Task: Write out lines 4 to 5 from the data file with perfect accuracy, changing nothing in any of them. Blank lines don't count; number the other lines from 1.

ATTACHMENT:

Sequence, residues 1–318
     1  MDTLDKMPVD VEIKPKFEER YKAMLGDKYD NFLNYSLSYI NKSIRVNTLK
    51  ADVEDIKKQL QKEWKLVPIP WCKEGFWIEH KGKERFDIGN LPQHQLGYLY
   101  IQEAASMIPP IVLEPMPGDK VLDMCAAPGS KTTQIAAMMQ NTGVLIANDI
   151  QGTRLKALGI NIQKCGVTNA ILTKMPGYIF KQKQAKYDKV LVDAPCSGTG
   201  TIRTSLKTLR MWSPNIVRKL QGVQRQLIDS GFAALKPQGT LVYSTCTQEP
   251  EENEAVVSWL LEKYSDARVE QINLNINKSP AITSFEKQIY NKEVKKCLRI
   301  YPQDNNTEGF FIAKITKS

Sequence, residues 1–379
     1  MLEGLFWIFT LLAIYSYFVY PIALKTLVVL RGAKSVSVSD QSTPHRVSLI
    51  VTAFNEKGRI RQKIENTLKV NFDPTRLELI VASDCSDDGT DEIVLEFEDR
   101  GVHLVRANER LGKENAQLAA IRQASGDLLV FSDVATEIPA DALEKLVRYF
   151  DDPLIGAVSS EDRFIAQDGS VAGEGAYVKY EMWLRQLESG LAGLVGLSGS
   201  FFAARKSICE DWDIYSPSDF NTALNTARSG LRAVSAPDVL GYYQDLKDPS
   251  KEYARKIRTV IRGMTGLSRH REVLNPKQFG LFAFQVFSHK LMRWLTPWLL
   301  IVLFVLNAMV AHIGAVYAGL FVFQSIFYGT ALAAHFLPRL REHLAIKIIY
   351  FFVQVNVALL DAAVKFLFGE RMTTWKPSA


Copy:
   101  IQEAASMIPP IVLEPMPGDK VLDMCAAPGS KTTQIAAMMQ NTGVLIANDI
   151  QGTRLKALGI NIQKCGVTNA ILTKMPGYIF KQKQAKYDKV LVDAPCSGTG